Is “Unlimited” a Dirty Word?

In news today, AAPT has launched an unlimited ADSL2+ broadband plan according to Australian IT. In the past, ISPs have been caught short for using the term “unlimited” with the ACCC with fine print about usage caps, speed throttling, peak and off peak quotas, etc. Otherwise, those who have been brave enough to offer truly unlimited plans have been torn to shreds for network congestion, traffic prioritisation or delivering a substandard service on the whole.

Now, I can’t speak for the quality of the AAPT network and products but I would be really interested to see how things go over the next couple of months. Personally, I use TPG on a 150GB plan (40GB peak and 110GB off peak) and find that satisfies my needs so long as I schedule those larger downloads to start in the wee hours of the morning. If I’m lucky, I’ll have a extra peak data to play with at the end of the billing cycle. Generally speaking though, I find my speeds are acceptable ( syncing at about 17mbps and sacrifice 3mbps for IPTV which has come in handy). I will say though, if you are one to rely on customer service, TPG is probably not the ISP for you.

I do have to wonder whether or not offering an unlimited plan will truly disrupt the market and force other players to play their cards. This almost has the hallmarks of the original mobile phone cap plans in Australia several years ago which triggered a race to the bottom. Whilst these plans were great for consumers they also eroded the profit margins for the mobile carriers and were clearly unsustainable. At least in my opinion, cap plans have gradually decreased in value compared to the original ones (some of which offered “per second billing”). AAPT might carve out some incremental market share as a result of this offer but I can’t see the other established players following suit very quickly.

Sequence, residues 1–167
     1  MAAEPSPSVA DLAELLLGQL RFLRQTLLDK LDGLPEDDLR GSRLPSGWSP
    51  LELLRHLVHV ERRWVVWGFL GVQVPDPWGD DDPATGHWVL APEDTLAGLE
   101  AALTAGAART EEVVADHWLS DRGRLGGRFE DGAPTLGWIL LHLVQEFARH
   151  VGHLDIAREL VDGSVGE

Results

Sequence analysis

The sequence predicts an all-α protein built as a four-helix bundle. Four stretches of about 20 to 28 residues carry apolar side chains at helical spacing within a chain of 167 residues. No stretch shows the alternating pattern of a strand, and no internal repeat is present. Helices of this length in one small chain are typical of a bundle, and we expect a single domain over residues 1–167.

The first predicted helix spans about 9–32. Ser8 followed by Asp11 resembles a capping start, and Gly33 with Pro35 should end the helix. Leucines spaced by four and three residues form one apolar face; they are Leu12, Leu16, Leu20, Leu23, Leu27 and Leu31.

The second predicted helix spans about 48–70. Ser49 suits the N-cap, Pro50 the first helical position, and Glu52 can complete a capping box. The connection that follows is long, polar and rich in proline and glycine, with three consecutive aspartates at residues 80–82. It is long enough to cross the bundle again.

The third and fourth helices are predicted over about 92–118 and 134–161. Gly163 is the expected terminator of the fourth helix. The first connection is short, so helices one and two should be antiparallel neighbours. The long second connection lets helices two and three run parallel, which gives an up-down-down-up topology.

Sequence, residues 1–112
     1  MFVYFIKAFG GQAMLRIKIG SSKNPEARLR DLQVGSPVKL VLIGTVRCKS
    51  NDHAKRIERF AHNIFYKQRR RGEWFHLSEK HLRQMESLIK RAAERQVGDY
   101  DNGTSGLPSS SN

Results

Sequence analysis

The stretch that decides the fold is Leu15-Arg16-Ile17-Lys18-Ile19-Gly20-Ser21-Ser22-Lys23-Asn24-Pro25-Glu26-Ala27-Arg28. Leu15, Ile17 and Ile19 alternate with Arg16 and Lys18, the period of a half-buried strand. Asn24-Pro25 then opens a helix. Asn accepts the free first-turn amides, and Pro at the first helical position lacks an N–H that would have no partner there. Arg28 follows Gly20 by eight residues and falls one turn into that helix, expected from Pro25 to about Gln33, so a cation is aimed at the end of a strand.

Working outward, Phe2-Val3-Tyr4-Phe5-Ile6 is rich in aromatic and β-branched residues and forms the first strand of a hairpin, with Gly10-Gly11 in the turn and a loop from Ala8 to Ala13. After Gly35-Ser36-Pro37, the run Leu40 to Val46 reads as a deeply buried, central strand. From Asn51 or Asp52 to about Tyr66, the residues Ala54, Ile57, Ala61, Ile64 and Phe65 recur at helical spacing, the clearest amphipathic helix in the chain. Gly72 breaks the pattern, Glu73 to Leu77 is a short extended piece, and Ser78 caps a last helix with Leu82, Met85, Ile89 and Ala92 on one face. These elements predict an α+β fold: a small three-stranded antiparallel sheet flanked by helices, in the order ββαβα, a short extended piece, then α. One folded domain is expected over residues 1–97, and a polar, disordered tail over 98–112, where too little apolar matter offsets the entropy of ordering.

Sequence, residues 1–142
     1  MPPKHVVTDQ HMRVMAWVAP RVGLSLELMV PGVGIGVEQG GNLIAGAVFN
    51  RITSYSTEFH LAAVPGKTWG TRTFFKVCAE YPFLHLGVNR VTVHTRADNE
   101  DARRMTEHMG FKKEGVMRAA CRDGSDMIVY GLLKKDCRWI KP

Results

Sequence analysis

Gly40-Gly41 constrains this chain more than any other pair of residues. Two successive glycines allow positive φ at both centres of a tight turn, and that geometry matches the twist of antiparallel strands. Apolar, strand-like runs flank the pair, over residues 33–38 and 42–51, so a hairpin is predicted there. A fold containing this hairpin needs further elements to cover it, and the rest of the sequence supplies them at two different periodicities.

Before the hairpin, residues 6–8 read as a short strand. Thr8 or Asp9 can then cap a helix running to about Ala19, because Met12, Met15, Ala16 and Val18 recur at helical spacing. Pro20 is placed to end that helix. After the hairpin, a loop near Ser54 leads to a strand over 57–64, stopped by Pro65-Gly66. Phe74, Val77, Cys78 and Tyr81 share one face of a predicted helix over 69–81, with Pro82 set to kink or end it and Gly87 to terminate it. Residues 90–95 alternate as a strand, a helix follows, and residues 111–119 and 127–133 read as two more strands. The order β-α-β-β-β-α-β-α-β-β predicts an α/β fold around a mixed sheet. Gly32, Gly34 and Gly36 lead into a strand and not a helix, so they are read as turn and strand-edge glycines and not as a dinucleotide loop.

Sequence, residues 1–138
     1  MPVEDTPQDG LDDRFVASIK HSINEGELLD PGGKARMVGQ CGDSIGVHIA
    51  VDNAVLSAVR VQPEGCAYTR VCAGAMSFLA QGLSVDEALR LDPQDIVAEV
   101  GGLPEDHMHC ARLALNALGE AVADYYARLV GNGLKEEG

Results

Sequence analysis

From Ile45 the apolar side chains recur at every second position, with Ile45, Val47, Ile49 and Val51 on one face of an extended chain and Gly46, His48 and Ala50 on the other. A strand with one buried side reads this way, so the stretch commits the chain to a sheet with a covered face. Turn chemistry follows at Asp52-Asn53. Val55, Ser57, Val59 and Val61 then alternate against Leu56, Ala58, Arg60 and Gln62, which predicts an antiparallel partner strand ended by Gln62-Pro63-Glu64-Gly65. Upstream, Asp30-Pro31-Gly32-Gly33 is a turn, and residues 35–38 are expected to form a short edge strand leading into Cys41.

In Australia, the majority of data is effectively imported from overseas, predominantly the US. Sourcing data from overseas isn’t cheap and has been one of the primary reasons that download quotas have existed in our country. I am sure this will be a sore point for AAPT when people start to give their connections some extra heavy duty use. 24/7 torrents anyone?

The other drawback with this plan is only available on a 24 month contract as a bundle which could make it an expensive exercise to terminate if you are unhappy with part or all of the service. If you aren’t afraid of putting all your eggs in one basket then this might be for you but I would steer clear until the dust settles and the capability and reliability of the AAPT network is proven over the next three to six months.

Just don’t be surprised if this offer disappears in the not too distant future.

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  1. […] wasn’t too long ago that AAPT launched their own unlimited plan (including home phone and a monthly quota of downloadable music up to a fixed value). Could this […]

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